chancellor Fess St. John is recommending that trustees return $21.5 million to Hugh Culverhouse, Jr. and strip his name from the as a result of a dispute with Culverhouse over administration of the funds.
In September 2018, Culverhouse pledged $26.5 million — the largest commitment in the university's 187-year history — in support of the law school, including a $1.5 million gift made in 2017 to create the Hugh F. Culverhouse Jr. Endowed Chair in Constitutional Law and $25 million over four years to establish the Hugh F. Culverhouse Jr. School of Law Endowment for Excellence. According to a St. John sent to UA System trustees earlier this week, Culverhouse has since made two payments of $10 million each, for a total of $21.5 million — none of which has been spent — but "has complained about the law school's administration of these gifts," to the point of requesting the return of the most recent $10 million installment.
"[I]t is apparent that university and law school leadership will not be able to meet the donor's expectations and do not share the same vision for the future," the memo states. "It is my recommendation that we comply with the request to return the recent gift, as well as the prior gifts, and restore the name 'The University of Alabama School of Law'." The board is scheduled to meet next week.
Meanwhile, Culverhouse has called for a boycott of Alabama's state institutions — including the UA system — to protest the near-total abortion ban signed into law by Gov. Kay Ivey — legislation that has been challenged by the and . Culverhouse, whose parents attended and were prominent donors to UA, told that his father had been an active officer of a Planned Parenthood in Jacksonville, Florida, and his mother never would have supported Alabama's new abortion regulations.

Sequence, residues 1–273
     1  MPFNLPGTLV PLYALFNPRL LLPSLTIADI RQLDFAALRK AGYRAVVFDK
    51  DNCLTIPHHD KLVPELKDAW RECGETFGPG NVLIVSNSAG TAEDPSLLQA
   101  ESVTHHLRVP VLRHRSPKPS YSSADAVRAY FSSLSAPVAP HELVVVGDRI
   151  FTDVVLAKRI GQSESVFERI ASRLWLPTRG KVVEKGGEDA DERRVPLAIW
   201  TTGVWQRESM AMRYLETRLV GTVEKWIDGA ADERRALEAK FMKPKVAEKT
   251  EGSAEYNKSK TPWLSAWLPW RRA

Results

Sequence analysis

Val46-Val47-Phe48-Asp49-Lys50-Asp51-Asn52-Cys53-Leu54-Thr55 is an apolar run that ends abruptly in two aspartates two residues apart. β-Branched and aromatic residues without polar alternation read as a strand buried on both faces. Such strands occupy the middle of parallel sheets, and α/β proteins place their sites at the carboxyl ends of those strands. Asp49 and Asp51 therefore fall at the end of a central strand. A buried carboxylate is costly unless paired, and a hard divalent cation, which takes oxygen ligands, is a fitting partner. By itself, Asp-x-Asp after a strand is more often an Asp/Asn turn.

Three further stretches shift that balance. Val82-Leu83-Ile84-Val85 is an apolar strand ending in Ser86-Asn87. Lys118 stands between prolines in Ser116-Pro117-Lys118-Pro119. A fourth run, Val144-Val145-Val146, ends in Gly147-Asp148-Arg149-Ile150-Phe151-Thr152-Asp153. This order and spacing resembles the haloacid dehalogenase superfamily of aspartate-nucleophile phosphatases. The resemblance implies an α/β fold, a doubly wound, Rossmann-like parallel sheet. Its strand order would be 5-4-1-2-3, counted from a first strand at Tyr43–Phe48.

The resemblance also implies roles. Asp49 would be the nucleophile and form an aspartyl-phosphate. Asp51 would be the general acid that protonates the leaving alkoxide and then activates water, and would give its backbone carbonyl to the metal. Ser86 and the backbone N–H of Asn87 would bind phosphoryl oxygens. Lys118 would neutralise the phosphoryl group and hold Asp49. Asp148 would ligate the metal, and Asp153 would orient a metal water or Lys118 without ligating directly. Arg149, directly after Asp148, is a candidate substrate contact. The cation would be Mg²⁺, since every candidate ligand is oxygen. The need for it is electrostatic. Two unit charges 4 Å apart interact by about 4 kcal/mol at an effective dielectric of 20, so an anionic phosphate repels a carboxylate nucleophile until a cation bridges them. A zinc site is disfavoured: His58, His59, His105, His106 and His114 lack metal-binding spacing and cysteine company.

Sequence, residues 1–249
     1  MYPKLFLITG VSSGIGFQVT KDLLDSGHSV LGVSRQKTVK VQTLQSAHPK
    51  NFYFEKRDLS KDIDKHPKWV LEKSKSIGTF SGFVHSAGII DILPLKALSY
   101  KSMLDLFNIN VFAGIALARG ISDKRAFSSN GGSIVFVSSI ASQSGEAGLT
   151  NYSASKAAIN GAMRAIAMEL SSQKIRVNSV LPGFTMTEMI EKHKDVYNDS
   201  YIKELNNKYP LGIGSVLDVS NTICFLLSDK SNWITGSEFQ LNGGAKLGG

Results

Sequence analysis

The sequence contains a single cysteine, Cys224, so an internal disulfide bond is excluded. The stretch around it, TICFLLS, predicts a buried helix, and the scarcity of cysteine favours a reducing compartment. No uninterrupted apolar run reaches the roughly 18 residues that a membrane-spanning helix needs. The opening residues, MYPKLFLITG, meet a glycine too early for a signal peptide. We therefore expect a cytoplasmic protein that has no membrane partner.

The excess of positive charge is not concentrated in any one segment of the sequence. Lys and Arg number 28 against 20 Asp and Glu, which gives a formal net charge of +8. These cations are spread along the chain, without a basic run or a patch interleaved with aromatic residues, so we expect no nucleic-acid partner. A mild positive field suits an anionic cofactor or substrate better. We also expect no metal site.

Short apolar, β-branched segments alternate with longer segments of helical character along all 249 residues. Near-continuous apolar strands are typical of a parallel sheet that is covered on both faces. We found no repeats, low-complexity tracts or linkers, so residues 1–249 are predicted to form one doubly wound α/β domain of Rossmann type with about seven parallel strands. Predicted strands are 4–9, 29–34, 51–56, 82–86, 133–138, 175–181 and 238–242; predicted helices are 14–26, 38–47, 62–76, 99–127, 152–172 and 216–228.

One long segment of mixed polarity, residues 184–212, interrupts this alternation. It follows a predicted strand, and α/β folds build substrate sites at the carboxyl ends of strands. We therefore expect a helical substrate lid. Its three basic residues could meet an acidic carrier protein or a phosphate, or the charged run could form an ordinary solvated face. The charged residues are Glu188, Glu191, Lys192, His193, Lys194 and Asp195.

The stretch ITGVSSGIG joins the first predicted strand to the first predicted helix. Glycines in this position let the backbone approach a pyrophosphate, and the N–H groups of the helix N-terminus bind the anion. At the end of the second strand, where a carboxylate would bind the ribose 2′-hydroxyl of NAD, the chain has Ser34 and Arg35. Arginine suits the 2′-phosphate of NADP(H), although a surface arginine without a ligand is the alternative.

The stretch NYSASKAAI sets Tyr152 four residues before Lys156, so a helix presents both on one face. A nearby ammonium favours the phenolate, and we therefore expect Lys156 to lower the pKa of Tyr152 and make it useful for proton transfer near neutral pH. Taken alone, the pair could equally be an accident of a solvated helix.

The largest donor in UA history, Culverhouse said that while he does not want his gifts back, "[a]ll foreign and U.S. international firms that do business in Alabama should boycott. It would get the law changed quickly."
"I cannot stand by silently and allow my name to be associated with a state educational system that teaches students law that clearly conflicts with the United States Constitution and federal law, and which promotes blatant discrimination," Culverhouse told . "The discrimination against women embodied by the law could easily be extended to other federal statutes and the U.S. Constitution decisions, which is a dangerous situation not only in Alabama but in other states contemplating similar unconstitutional laws."
In a accompanying the memo to trustees, UA System officials said that "[n]one of the issues between the law school and Mr. Culverhouse had anything to do with the passage of legislation in which the university had no role. Donors may not dictate university administration."